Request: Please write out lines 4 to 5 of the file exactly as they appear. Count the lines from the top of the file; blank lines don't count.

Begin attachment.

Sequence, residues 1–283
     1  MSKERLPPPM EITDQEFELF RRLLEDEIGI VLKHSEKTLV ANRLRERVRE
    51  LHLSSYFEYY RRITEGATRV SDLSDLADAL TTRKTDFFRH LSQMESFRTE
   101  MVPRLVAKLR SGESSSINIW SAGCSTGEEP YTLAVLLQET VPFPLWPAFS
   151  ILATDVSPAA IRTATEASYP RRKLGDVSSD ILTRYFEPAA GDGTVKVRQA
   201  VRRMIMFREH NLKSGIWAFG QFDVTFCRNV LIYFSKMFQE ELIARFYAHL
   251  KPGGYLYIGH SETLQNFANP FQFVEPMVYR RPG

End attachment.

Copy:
   101  MVPRLVAKLR SGESSSINIW SAGCSTGEEP YTLAVLLQET VPFPLWPAFS
   151  ILATDVSPAA IRTATEASYP RRKLGDVSSD ILTRYFEPAA GDGTVKVRQA